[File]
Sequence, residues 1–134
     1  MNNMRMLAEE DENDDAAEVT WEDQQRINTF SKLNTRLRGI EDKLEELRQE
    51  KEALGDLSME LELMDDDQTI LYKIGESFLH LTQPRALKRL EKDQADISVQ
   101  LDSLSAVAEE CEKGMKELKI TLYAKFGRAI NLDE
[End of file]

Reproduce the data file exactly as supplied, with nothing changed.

Sequence, residues 1–134
     1  MNNMRMLAEE DENDDAAEVT WEDQQRINTF SKLNTRLRGI EDKLEELRQE
    51  KEALGDLSME LELMDDDQTI LYKIGESFLH LTQPRALKRL EKDQADISVQ
   101  LDSLSAVAEE CEKGMKELKI TLYAKFGRAI NLDE